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On January 24, 1992, I saw him for the first time up close. He was speaking casually with journalists in Jammu. His tenacity, clarity, and precise word choice impressed me. He was only the general secretary of Gujarat unit of the Bhartiya Janata Party at the time, but his presence was noted among the most powerful leaders.

It was none other than Narendra Modi, the present Prime Minister of India.

Even after I returned from Jammu, the impression lingered in the back of my mind. After about ten years, his name reappeared in the public eye. The BJP high command had chosen him to succeed Keshubhai Patel as Gujarat chief minister. Keshubhai’s reign was shaken by a severe earthquake on 26 January, 2001. Keshubhai’s stature was enormous back then. Some said Narendra Modi was given shoes that were bigger than his feet.

The following year, chief minister Modi addressed a press conference in Delhi. In it, he detailed how the devastated Bhuj and its surrounding areas, after the earthquake, were brought back into the mainstream. Today, if you drive through the Rann of Kutch, you will find magnificent roads, electric poles in villages, water tanks, and hospitals as you pass through the salt-white sand. It was not an easy task, but if Modi had focused on the easy tasks, he would not be the country’s Prime Minister today.

Gujarat saw fierce communal riots the next year.

You may recall that when the then PM Atal Bihari Vajpayee exhorted to adopt Rajdharma in a press conference at Ahmedabad, chief minister Modi firmly answered, Wahi toh kar raha hoon sahib. Some said it was “audacity", but Gujarat’s chief minister realised he needed to make plans to prevent another such tragedy. Following that, Narendra Modi served as Gujarat’s chief minister for 12 years, during which time no riot occurred. No one can deny this historical fact. This could only happen if the man, in charge of law and order, was not blinded by his belonging to any particular community. In addition, Narendra Modi worked tirelessly to construct a welfare state. Government amenities and aid reached all parts of the population without discrimination or hindrance. All sectors gained confidence as a result of this.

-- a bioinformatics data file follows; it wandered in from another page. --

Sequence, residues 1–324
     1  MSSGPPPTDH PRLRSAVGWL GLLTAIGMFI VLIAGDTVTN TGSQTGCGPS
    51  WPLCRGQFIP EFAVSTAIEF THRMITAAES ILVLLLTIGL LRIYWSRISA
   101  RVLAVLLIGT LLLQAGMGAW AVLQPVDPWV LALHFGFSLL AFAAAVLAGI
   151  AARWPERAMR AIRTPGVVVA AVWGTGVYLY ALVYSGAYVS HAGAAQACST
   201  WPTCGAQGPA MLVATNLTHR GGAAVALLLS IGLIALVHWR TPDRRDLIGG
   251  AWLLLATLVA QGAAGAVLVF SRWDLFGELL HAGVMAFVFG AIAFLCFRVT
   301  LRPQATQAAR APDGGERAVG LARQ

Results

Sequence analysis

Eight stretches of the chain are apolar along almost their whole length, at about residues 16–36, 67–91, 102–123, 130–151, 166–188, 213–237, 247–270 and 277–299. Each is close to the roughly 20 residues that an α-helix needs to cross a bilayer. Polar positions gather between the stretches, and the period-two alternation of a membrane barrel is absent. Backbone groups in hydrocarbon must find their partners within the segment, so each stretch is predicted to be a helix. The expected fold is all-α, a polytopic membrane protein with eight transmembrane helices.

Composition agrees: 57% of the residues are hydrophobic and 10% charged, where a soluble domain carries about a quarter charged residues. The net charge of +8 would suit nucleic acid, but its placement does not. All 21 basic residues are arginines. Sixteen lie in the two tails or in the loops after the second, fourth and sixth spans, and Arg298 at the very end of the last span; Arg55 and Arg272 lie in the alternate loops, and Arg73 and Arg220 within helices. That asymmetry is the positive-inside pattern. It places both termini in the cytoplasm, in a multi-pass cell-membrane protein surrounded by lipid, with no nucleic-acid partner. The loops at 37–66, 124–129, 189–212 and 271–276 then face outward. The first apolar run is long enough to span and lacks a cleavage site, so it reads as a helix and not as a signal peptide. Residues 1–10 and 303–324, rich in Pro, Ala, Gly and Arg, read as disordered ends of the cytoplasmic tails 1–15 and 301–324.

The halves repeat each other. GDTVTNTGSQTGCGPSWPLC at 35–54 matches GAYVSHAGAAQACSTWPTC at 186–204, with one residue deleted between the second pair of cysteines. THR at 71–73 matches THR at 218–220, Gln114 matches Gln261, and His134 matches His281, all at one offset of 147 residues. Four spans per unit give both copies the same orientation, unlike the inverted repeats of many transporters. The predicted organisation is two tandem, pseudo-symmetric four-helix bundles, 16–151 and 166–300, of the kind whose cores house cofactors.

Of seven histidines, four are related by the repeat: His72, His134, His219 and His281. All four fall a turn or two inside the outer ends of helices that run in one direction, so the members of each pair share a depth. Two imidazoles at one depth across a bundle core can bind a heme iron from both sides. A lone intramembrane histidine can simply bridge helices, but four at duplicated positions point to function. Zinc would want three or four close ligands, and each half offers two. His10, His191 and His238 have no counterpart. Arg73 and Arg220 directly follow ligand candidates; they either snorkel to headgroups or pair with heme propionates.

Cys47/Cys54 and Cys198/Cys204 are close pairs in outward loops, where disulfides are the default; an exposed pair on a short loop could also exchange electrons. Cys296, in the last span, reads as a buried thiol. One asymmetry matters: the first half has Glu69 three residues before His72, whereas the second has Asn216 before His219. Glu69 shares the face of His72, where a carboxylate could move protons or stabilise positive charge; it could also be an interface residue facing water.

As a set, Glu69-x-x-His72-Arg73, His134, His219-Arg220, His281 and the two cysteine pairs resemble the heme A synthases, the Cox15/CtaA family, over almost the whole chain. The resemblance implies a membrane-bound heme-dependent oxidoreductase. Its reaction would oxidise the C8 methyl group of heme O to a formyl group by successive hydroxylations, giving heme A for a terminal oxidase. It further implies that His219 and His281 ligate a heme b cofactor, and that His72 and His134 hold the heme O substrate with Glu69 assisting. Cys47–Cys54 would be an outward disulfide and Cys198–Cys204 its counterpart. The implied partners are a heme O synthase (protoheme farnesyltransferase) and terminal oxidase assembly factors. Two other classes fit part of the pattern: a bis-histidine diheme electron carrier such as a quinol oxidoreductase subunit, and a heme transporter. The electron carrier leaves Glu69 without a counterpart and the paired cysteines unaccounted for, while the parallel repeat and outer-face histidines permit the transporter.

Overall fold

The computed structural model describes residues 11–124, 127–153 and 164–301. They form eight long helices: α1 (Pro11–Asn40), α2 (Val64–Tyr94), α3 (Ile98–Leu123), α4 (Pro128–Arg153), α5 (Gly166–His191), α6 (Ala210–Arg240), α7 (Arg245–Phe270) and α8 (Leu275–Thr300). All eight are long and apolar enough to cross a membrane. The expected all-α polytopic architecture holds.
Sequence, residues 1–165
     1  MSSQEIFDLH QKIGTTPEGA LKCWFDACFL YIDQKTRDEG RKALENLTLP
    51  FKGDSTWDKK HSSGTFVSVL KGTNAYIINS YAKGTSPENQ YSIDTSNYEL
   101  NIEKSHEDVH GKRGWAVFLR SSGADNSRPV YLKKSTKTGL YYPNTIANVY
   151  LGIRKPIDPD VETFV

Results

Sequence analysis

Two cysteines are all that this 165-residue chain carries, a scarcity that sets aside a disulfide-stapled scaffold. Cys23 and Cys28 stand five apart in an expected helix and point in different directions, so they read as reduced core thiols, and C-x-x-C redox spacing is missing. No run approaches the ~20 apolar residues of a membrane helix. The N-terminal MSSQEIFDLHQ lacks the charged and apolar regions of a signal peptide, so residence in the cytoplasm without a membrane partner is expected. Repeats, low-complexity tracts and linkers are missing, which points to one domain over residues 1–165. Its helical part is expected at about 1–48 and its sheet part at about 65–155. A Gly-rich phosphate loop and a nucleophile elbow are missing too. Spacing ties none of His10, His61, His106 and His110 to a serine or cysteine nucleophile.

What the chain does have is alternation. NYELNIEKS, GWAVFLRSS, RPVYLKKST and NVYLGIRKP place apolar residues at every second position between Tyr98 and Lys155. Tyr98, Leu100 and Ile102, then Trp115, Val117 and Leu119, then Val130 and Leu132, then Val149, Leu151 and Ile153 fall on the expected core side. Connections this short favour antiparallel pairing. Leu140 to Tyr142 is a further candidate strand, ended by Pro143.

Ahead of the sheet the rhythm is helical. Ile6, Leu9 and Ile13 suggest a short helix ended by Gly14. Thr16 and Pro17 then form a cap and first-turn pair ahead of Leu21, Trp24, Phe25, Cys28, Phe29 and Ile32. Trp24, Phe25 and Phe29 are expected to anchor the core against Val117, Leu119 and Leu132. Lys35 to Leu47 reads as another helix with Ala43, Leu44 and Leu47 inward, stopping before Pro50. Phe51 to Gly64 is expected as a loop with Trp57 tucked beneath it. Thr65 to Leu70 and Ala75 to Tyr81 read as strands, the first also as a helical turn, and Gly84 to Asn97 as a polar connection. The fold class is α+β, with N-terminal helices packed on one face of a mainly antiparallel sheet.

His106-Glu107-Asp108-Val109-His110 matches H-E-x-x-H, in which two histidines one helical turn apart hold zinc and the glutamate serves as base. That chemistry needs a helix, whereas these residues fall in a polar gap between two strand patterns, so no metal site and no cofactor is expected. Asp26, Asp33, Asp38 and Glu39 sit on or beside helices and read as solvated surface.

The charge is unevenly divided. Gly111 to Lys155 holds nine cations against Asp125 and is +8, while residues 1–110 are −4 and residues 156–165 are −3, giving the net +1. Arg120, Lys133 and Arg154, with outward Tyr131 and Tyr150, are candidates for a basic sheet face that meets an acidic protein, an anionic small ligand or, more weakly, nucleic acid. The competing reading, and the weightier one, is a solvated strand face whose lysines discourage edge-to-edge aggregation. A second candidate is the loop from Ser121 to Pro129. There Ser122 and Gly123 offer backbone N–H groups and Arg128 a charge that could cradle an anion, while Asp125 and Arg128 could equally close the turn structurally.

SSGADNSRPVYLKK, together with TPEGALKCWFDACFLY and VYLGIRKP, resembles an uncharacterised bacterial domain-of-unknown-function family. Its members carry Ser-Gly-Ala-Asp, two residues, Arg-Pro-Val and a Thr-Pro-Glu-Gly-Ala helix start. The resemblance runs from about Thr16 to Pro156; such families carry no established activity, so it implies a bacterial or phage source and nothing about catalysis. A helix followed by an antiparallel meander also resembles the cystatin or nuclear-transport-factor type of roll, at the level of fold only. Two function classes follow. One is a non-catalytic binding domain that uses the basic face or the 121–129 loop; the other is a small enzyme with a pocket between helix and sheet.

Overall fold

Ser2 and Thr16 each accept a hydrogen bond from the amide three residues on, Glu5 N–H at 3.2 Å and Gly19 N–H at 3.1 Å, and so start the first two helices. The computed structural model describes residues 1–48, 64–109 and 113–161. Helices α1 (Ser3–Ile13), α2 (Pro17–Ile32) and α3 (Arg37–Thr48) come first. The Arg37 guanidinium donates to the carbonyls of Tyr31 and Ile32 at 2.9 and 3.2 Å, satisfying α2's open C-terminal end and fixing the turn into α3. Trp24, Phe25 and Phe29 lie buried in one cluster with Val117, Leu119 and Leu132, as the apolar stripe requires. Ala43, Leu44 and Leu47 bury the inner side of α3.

How did this difficult task come to be? One day, he questioned Gujarat’s chief secretary, “From which Taluka did you begin your career." As soon as he received the chief secretary’s response, he said, “Do you have any knowledge of the state of that taluka?" You’ve risen to the position of chief secretary, but that taluka is still there, in the same state. Why don’t you take up that tehsil and revitalize it? When the chief secretary agreed, he summoned all of the secretaries and repeated the order. Every secretary was given charge of his or her first taluka.

Modi is the Prime Minister now, and his domain now includes the entire country. By deploying young collectors in the 112 districts, he has handed this great task to them. More than a dozen criteria were used to choose these districts, ensuring that the rays of growth reach the most disadvantaged areas first. What is it if this isn’t Antyodaya?

From Indira Gandhi to Narendra Modi, I have had the opportunity to visit, hear, and comprehend all of the Prime Ministers during my long career as a journalist. All of the Prime Ministers have contributed to the country’s progress in their own ways, but I can confidently say that I have never seen such a combination of determination and clarity about goals. He was born into a poor household and understands the pain of poor people. While working as an RSS worker in various regions of the country, he had the opportunity to learn why government projects fail despite the good intentions behind them. He was able to make decisions on things that were previously taboo due to his comprehensive awareness of society, authority, and the system.

He will complete the eighth year of his term as PM, this month. Results of recent assembly elections in five states have demonstrated that there is no political challenge for him. When it comes to social and economic issues, the Prime Minister will undoubtedly face challenges on several fronts. Assembly elections will be held in Gujarat and Himachal Pradesh at the end of the year. Obviously, all eyes are on him, as they are every time.

The Pradhan Sewak, without a doubt, is aware of the difficulties ahead. This is why he has coupled Sabka Vishwas with Sabka Saath, and Sabka Vikas in his objectives. It’ll be fascinating to watch how he accomplishes this.

(Shashi Shekhar is editor-in-chief, Hindustan. The views expressed are personal.)

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